30 November 2023

Retirement. (No, not that kind.)

Panther Pond, Maine.

I've never forgotten a post I read back in 2007 on Contemplative Scholar's blog:

On Being an Animal


July 12, 2007


As a human being, I am an animal too. And so are you.

This summer I am feeling moved not to travel much. While my main plan had been to get back into my academic writing, I'm having a really hard time with that. I think I am just profoundly tired. Plus, my support system has been seriously diminished over the past year: from the ending of my music group, to the departure of two people in my life who have been really important mentors and guides.

After my busy year and these important losses, I'm now mostly focused on trying to reestablish a basic discipline of taking good care of myself. No one else can do that for me anyway. More and more I realize that this is a deep and fundamental animal responsibility we each have. It is exactly for ourselves, but not selfish. We are not just our own private property. We matter to others in the world. And so if we don't take good care of ourselves, we can bring considerable grief into others' lives, because they can do little to restore health and well-being if we are not ourselves cooperating.

I have come to realize this in myself, but I also see it from another perspective in my relationships with others. Those who are good at taking care of themselves are happy and healthy and their lives are in balance, which means that they have lots of energy to attend to others as well.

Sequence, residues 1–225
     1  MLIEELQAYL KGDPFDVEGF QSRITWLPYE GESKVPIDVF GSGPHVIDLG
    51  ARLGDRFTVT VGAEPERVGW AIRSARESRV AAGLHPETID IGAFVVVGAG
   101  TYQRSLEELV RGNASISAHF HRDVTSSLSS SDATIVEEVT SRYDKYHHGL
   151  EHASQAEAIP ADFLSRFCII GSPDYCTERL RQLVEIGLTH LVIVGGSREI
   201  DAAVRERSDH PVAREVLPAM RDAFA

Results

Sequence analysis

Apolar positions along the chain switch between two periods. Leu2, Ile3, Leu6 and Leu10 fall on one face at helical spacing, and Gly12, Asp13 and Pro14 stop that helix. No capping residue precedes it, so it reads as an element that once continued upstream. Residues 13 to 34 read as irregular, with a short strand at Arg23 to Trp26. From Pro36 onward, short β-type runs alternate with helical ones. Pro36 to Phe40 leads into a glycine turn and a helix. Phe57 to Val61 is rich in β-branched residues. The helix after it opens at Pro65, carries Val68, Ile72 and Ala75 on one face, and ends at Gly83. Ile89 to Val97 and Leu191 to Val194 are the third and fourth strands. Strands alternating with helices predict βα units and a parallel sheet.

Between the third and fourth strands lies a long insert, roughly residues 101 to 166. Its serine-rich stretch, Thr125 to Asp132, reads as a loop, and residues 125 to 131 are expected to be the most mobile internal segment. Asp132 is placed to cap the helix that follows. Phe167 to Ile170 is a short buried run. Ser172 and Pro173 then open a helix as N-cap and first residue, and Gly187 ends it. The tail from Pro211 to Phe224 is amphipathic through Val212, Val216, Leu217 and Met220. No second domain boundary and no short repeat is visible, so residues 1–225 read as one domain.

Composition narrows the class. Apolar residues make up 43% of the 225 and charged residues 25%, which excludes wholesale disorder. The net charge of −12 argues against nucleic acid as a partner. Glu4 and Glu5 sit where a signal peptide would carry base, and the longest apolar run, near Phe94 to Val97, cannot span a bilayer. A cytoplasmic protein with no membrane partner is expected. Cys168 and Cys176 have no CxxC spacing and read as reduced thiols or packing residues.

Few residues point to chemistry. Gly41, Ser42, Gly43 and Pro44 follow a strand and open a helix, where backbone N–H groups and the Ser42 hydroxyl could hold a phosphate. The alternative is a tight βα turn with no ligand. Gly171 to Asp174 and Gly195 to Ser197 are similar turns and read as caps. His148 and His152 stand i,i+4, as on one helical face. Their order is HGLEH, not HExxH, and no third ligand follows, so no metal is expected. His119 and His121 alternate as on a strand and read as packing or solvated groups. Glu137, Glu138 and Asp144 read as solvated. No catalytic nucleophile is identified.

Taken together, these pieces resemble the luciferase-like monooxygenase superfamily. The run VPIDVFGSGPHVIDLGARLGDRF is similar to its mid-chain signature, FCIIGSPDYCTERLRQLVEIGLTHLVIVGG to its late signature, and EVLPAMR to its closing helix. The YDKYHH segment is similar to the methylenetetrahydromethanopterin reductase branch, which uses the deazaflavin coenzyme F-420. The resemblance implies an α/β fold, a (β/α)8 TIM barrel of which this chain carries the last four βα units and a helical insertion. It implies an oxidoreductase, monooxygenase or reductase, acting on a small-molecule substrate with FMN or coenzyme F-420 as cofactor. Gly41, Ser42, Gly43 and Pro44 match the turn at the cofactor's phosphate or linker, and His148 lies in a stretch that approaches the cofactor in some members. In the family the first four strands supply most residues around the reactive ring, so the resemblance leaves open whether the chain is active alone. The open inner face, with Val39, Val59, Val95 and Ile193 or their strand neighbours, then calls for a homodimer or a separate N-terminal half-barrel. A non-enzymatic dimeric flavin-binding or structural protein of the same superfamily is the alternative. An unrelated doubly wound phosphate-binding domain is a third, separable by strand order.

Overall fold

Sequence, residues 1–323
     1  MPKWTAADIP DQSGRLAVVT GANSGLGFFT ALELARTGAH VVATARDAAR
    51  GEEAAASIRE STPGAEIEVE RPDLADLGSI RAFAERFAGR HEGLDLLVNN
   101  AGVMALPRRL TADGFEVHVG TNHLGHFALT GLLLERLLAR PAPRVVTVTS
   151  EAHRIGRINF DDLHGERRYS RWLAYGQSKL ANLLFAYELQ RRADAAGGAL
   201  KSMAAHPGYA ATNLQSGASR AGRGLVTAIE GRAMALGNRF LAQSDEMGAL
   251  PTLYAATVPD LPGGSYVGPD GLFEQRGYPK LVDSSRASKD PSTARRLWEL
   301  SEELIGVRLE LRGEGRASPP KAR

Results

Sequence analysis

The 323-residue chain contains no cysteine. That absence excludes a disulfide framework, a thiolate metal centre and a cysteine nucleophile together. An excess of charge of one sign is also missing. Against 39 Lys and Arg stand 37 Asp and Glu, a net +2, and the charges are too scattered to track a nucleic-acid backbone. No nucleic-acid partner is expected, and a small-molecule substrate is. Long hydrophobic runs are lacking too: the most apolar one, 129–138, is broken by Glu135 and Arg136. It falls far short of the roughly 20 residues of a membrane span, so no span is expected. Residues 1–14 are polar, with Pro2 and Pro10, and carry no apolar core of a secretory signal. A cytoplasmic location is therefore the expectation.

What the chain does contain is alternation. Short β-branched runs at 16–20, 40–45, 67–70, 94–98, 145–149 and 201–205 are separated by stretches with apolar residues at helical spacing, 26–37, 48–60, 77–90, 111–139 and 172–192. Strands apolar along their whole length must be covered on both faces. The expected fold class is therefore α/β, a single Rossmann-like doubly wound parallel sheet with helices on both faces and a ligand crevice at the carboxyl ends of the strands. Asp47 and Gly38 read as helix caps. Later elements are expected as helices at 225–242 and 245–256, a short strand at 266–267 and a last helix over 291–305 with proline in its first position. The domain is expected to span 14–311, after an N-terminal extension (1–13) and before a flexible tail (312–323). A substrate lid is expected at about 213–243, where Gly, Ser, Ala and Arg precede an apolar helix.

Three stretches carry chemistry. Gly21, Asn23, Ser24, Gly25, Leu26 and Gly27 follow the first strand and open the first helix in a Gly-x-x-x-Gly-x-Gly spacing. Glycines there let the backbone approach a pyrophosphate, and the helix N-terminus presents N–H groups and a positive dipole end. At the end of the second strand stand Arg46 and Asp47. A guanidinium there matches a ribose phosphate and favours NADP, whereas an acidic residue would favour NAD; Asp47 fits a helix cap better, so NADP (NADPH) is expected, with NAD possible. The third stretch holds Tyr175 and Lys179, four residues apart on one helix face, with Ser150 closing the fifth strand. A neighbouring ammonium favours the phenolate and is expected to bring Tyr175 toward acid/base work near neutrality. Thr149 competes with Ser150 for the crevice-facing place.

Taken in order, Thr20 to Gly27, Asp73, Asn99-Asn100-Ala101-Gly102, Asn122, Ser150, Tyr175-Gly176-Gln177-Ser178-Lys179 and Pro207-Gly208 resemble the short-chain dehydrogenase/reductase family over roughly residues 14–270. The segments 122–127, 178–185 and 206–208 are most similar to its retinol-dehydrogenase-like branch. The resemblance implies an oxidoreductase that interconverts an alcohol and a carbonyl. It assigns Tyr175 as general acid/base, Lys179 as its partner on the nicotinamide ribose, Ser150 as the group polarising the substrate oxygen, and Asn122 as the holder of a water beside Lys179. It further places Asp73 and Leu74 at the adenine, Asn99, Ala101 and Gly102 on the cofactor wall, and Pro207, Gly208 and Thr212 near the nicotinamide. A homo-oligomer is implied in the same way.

As philosopher Immanuel Kant points out, we have a basic duty to be happy, so that we are not so distracted by our unhappiness that we fail to attend to our other moral duties!

The key marker for my own self care is exercise. Happily, I am running again. This is a very good sign. This year, I will place this as one of my highest priorities. No matter how busy my life gets, I will try to regard this as essential as eating and sleeping and going to Meeting! (Hold me too this, my faithful readers!)

So I've made the radical decision not to worry about how "productive" my summer is. I'm going to live my days as aimlessly as I need to. I'll attend to anything urgent that crosses my desk. But other than that, I'll just do what I feel moved to do from moment to moment. I haven't had a real vacation as such in a long time. I hereby declare the rest of this summer to be the first really extended vacation I have ever in my whole life let myself have.

I feel open and in a data-gathering mode. What gives me life? I want to experience the world in a new way. I want to let the world fill me with healing and renewing energy. I want to pay full attention to everyone I see, but refrain from agreeing to anything that establishes a controlling dynamic in our relationships. I refuse to expect anyone to do anything for me in particular; and I refuse to agree to anything that means that others expect something of me.

(I must emphasize that this is purely temporary. When the academic year begins again, I will have no choice but to enter back into that complex network of relationships dominated by controlling dynamics going in both directions.)

But for now, I just want to be a wild animal, quiet and shy, alert and tuned mostly into the pure present moment. I want to eat and sleep and run in the woods. I want to watch beautiful sunsets and let them work their magic on my soul.